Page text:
[Frontiers in Bioscience 14, 2504-2513, January 1, 2009]

Cathepsin S and its inhibitor cystatin C: imbalance in uveal melanoma

Luminita Paraoan1, Donna Gray1, Paul Hiscott1, 2, Marta Garcia-Finana3, Brian Lane3, Bertil Damato4, Ian Grierson1

1Unit of Ophthalmology, School of Clinical Science, University of Liverpool, Liverpool, UK, 2Department of Pathology, Royal Liverpool University Hospital, Liverpool, UK, 3Centre for Medical Statistics and Health Evaluation, University of Liverpool, Liverpool, UK, 4Ocular Oncology Centre, St. Paul's Eye Unit, Royal Liverpool University Hospital, Liverpool, UK

TABLE OF CONTENTS

1. Abstract
2. Introduction
3. Materials and methods
3.1. Tumor specimens
3.2. Western immunoblotting analysis
3.3. Immunohistochemical analysis
3.4. Statistical analysis
4. Results
4.1. Expression levels of cathepsin S and cystatin C in primary uveal melanoma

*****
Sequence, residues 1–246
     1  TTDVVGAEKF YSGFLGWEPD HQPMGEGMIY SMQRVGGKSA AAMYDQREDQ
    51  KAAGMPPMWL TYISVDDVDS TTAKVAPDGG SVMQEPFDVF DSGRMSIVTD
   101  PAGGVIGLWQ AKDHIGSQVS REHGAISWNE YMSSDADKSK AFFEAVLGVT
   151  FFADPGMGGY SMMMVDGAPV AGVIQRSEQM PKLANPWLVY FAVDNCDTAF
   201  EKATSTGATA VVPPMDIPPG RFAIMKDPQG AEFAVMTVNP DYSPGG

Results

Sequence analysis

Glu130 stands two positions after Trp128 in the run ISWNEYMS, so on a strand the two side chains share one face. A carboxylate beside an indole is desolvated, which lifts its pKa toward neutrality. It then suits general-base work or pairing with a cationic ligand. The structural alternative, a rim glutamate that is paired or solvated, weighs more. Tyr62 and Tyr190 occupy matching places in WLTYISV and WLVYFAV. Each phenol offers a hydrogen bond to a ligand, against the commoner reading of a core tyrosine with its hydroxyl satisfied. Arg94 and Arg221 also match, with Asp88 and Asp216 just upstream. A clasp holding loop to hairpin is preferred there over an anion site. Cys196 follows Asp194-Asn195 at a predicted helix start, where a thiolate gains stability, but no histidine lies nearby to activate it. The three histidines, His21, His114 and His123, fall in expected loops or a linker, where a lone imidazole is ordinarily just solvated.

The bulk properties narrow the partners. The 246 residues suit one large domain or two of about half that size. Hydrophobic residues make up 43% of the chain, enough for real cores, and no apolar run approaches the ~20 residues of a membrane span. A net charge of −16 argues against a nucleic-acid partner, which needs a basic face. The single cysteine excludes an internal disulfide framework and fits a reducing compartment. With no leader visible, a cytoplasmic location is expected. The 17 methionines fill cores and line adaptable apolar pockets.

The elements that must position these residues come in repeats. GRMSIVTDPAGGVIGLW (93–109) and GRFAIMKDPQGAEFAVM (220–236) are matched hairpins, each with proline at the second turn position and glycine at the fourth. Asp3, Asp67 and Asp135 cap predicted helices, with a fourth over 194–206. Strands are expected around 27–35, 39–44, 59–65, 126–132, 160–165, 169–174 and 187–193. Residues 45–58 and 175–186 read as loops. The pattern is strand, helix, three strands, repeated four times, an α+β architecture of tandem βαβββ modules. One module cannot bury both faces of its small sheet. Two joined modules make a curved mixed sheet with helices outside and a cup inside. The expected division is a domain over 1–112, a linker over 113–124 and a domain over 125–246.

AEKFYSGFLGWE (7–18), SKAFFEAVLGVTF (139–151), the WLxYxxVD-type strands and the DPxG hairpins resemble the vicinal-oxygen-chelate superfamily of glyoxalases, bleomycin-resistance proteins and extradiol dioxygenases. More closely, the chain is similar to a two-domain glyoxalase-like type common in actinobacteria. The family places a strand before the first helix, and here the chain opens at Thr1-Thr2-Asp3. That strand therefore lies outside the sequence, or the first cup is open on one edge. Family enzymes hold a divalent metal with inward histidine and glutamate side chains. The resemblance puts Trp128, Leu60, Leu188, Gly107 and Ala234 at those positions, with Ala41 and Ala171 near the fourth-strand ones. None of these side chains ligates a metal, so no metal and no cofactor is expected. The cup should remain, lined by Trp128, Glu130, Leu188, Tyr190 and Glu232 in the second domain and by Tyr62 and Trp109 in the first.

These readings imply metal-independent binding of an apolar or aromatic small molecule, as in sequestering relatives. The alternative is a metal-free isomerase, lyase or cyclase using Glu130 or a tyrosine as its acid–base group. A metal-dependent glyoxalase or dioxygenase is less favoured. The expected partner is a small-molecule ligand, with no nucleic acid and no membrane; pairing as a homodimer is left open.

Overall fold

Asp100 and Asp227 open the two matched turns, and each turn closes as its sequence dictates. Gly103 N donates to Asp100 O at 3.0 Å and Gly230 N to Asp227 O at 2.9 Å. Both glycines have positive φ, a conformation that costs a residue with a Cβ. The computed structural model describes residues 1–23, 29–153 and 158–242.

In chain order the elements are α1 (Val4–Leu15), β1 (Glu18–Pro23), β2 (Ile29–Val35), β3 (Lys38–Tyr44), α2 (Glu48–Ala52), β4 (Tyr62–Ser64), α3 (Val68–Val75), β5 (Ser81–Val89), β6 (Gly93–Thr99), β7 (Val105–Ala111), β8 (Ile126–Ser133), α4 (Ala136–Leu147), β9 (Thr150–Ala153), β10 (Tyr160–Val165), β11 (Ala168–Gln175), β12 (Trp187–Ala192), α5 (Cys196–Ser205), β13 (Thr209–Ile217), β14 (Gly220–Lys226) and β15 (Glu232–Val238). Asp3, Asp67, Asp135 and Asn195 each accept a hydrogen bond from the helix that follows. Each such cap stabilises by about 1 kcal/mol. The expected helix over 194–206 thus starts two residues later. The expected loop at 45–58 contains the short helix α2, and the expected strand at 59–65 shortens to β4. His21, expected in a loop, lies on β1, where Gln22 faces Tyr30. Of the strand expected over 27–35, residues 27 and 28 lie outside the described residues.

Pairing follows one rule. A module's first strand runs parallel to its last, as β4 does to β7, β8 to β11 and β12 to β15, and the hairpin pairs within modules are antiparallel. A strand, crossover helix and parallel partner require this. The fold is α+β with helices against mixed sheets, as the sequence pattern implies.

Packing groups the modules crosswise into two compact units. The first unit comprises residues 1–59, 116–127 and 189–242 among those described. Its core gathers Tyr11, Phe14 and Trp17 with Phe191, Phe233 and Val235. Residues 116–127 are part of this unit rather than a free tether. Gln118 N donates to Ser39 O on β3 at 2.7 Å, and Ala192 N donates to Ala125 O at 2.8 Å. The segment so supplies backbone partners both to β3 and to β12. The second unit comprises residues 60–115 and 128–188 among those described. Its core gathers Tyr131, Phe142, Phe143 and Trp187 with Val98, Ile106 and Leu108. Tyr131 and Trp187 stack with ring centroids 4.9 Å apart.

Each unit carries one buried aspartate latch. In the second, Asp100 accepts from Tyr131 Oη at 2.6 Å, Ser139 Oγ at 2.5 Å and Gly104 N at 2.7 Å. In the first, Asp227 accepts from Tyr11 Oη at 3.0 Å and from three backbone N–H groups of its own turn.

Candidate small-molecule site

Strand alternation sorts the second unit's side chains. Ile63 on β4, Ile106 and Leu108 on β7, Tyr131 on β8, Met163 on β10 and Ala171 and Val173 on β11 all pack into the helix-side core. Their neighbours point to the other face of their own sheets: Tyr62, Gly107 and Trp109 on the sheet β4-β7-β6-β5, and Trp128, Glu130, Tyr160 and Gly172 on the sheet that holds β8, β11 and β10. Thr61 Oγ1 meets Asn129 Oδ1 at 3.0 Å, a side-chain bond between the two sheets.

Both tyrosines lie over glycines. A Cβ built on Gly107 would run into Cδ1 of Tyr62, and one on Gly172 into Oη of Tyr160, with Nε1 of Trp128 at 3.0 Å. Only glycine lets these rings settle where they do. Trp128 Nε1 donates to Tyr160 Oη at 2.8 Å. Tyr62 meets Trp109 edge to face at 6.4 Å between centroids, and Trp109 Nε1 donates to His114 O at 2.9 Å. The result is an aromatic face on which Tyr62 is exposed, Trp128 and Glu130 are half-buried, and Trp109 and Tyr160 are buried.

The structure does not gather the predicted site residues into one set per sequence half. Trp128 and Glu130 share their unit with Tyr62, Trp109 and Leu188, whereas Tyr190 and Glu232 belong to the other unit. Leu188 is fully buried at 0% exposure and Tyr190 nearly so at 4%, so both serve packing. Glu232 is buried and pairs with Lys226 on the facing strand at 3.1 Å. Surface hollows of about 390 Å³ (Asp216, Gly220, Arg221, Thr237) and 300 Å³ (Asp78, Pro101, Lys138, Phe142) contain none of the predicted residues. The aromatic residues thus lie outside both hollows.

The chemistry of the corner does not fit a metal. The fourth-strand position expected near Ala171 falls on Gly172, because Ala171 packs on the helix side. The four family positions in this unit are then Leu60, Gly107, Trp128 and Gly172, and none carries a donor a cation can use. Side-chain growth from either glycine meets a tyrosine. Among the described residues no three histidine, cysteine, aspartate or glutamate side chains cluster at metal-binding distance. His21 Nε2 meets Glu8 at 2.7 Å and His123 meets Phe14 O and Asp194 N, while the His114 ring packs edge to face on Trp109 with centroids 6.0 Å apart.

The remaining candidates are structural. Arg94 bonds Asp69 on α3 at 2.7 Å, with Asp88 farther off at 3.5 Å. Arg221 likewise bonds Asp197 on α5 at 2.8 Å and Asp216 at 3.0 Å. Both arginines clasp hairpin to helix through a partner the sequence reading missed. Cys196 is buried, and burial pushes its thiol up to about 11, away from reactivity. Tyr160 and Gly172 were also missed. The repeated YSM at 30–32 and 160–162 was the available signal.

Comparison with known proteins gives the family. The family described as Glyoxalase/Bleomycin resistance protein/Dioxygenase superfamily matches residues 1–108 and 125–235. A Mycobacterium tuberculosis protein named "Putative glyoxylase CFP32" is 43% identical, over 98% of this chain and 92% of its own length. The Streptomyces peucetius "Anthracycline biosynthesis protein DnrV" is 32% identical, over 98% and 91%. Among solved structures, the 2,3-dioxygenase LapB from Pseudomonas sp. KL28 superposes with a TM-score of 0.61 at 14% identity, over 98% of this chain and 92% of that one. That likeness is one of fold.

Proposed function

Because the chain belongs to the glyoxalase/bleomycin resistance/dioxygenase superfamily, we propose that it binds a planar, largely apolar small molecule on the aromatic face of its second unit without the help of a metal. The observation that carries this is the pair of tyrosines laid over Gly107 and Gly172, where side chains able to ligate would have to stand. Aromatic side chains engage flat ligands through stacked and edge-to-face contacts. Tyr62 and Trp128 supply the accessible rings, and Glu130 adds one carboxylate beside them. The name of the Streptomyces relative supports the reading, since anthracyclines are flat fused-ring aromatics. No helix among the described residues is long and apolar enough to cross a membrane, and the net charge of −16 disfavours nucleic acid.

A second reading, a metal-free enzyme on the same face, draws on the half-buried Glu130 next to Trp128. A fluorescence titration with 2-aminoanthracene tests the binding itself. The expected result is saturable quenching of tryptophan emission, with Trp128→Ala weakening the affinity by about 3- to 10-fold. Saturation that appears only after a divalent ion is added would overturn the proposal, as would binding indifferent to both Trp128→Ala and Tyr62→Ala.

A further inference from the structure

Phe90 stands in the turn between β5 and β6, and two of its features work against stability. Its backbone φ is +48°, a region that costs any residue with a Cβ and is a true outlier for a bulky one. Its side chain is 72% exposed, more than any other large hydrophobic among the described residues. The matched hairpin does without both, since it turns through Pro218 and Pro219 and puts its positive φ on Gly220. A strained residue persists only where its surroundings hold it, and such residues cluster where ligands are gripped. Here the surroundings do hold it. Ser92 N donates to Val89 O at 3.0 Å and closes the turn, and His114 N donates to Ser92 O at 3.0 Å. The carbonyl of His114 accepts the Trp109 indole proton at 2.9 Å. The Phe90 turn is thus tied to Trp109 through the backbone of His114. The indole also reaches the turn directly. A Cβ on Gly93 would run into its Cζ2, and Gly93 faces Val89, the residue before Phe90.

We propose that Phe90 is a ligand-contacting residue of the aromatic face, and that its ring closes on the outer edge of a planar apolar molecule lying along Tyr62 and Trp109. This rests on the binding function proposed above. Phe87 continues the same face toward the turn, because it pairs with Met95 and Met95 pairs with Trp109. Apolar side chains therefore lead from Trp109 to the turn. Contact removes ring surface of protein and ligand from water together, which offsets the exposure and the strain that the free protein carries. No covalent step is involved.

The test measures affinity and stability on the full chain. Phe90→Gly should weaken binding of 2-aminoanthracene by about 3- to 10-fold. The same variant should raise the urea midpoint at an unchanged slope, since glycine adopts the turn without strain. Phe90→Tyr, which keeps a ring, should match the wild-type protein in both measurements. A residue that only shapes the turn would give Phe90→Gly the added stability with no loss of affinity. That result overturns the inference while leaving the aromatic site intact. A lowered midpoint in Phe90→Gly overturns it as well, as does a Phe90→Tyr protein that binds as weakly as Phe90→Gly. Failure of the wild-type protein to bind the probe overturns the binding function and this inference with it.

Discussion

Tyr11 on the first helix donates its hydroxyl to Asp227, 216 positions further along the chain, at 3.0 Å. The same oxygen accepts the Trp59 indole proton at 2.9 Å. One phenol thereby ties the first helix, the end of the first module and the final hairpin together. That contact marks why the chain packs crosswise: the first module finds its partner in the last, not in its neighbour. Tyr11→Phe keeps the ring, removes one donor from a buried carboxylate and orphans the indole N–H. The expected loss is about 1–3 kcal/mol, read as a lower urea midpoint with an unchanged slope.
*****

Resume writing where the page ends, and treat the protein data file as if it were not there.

4.2. Statistical analysis of cathepsin S and cystatin C differential expression
4.3. Immunostaining of cathepsin S and cystatin C in primary uveal melanoma tumors
5. Discussion
6. Acknowledgment
7. References

1. ABSTRACT

The present study aimed to investigate, as a follow-up of microarray profiling, the expression of the lysosomal cysteine protease cathepsin S and that of its endogenous inhibitor cystatin C in the most common primary intraocular tumor in adults, uveal melanoma. The expression pattern unveiled was characterized by a relative increase in the active form of the elastolytic and collagenolytic cathepsin S that was not counterbalanced by the expression of its strongest endogenous inhibitor cystatin C in the aggressive, highly metastatic uveal melanomas. The study provides evidence for a novel correlation between a specific cysteine protease activity and the strongest predictive factor for metastatic behavior in primary uveal melanoma and documents the first investigation of both a specific protease activity and its endogenous inhibitor in uveal melanoma. The results indicate that the shift in the balance between cathepsin S and cystatin C may be part of deregulated proteolytic pathways contributing to the invasive phenotype of uveal melanoma.